On 2018-03-13 10:28 AM, Jerome Glisse wrote:
> On Mon, Mar 12, 2018 at 02:28:42PM -0400, Felix Kuehling wrote:
>> On 2018-03-10 10:01 AM, Christian König wrote:
>>>> To accomodate those we need to
>>>> create a "hole" inside the process address space. This patchset have
>>>> a hack for that (patch 13 HACK FOR HMM AREA), it reserves a range of
>>>> device file offset so that process can mmap this range with PROT_NONE
>>>> to create a hole (process must make sure the hole is below 1 << 40).
>>>> I feel un-easy of doing it this way but maybe it is ok with other
>>>> folks.
>>> Well we have essentially the same problem with pre gfx9 AMD hardware.
>>> Felix might have some advise how it was solved for HSA. 
>> For pre-gfx9 hardware we reserve address space in user mode using a big
>> mmap PROT_NONE call at application start. Then we manage the address
>> space in user mode and use MAP_FIXED to map buffers at specific
>> addresses within the reserved range.
>> The big address space reservation causes issues for some debugging tools
>> (clang-sanitizer was mentioned to me), so with gfx9 we're going to get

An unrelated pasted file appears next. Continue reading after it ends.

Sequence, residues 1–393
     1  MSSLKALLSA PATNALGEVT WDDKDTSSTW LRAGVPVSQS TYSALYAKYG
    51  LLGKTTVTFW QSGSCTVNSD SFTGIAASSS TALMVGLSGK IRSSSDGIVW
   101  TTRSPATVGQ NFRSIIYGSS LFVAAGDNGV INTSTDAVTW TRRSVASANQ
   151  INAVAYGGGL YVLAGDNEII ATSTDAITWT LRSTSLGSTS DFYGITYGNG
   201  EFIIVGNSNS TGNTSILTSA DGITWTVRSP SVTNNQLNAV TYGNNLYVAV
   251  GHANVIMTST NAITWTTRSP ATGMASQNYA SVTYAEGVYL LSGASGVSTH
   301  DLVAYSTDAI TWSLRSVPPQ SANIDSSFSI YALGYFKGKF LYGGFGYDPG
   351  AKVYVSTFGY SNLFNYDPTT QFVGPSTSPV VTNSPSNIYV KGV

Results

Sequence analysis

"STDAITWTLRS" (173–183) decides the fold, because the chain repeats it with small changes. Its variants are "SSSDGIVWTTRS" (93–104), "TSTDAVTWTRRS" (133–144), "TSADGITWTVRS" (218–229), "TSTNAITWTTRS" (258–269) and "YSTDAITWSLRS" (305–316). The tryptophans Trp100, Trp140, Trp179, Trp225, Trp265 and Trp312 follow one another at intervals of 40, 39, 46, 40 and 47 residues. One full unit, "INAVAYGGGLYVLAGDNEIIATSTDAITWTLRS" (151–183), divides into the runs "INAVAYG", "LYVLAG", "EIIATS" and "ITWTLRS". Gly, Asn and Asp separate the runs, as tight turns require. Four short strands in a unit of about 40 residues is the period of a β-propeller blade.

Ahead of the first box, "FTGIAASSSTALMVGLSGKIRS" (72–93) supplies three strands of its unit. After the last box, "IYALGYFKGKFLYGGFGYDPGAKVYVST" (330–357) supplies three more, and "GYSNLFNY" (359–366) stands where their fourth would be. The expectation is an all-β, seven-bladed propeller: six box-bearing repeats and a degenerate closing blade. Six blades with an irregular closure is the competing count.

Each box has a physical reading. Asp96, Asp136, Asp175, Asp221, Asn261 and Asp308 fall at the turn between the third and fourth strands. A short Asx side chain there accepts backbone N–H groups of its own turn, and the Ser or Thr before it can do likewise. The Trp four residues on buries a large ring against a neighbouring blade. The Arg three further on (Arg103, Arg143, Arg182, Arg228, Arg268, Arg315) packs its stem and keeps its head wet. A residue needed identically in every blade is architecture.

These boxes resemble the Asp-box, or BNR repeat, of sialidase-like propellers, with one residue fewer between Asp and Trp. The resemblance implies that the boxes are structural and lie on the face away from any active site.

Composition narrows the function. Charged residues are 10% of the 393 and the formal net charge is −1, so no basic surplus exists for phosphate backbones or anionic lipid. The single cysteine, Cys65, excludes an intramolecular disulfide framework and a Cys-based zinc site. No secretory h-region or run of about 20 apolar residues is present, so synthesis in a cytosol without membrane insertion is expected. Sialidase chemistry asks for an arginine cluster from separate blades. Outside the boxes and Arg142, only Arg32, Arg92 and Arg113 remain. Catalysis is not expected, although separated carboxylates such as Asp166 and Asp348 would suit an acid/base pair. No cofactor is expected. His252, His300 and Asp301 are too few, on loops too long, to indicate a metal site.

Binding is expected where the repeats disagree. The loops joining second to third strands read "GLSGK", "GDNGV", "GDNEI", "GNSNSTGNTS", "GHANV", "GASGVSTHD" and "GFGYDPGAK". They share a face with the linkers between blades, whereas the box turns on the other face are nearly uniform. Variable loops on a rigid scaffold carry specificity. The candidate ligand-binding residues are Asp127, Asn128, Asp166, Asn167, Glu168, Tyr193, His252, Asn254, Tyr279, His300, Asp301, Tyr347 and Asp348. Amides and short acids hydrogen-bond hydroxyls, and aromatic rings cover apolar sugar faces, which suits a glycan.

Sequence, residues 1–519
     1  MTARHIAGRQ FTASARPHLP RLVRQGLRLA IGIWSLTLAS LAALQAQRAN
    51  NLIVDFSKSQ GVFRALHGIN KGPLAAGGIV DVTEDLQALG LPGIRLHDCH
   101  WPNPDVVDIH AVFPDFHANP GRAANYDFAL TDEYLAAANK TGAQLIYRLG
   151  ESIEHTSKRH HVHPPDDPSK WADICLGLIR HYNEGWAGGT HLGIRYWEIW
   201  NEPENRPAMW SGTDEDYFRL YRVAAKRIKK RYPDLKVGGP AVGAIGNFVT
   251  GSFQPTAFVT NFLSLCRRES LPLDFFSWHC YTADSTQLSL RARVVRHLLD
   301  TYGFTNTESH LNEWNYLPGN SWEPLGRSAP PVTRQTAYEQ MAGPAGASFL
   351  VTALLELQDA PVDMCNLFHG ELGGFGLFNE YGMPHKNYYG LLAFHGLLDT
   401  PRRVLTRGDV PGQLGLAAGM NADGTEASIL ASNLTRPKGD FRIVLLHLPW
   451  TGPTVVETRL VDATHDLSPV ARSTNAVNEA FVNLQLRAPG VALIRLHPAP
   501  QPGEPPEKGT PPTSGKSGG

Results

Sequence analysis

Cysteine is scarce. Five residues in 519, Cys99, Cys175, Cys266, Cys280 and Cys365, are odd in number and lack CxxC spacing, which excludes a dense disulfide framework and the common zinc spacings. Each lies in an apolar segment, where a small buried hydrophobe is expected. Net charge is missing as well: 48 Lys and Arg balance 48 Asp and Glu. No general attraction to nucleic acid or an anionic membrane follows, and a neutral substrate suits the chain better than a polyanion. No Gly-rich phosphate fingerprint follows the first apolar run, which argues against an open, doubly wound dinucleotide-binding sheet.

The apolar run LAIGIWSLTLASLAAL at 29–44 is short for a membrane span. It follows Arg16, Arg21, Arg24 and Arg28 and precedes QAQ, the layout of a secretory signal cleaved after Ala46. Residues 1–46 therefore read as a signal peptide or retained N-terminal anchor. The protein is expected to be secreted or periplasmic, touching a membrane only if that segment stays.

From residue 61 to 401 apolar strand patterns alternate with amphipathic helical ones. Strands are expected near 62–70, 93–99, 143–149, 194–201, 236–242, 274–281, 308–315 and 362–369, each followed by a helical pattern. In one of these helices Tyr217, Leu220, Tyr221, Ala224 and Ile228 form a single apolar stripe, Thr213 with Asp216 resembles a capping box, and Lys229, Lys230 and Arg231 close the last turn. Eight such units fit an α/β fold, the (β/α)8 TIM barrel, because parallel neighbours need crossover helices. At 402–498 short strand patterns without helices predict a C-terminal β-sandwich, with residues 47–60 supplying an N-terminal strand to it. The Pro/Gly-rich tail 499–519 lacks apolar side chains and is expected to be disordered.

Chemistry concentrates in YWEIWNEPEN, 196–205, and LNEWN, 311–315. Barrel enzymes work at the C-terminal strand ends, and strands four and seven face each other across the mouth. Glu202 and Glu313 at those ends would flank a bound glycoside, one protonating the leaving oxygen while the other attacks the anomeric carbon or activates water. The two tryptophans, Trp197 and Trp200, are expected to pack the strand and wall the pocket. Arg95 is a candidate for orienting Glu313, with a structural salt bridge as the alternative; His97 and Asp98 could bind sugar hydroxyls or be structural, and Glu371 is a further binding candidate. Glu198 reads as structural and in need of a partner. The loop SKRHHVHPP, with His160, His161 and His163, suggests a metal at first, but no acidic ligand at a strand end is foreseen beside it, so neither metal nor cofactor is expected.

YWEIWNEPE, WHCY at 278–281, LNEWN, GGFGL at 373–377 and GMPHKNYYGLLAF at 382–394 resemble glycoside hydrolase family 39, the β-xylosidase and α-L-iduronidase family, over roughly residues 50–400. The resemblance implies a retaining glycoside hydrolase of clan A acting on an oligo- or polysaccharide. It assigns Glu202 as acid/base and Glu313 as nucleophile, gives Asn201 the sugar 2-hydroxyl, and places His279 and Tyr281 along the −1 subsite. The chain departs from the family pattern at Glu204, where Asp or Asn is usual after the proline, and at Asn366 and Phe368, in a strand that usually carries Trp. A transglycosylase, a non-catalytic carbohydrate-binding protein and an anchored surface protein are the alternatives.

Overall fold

>> rid of this address space reservation.
> What do you need those mapping for ? What kind of object (pm4 packet
> command buffer, GPU semaphore | fence, ...) ? Kernel private object ?
> On nv we need it for the main command buffer ring which we do not want
> to expose to application.

On pre-gfx9 hardware the GPU virtual address space is limted to 40 bits
for all hardware blocks. So all GPU-accessible memory must be below 40-bits.

> Thus for nv gpu we need kernel to monitor this PROT_NONE region to make
> sure that i never got unmapped, resize, move ... this is me fearing a
> rogue userspace that munmap and try to abuse some bug in SVM/GPU driver
> to abuse object map behind those fix mapping.

We mmap PROT_NONE anonymous memory and we don't have any safeguards
against rogue code unmapping it or modifying the mappings. The same
argument made by John Hubbard applies. If applications mess with
existing memory mappings, they are broken anyway. Why do our mappings
need special protections, but a mapping of e.g. libc doesn't?

In our case, we don't have HMM (yet), so in most cases changing the
memory mapping on the CPU side won't affect the GPU mappings. The
exception to that would be userptr mappings where a rogue unmap would
trigger an MMU notifier and result in updating the GPU mapping, which
could lead to a GPU VM fault later on.


> Cheers,
> Jérôme

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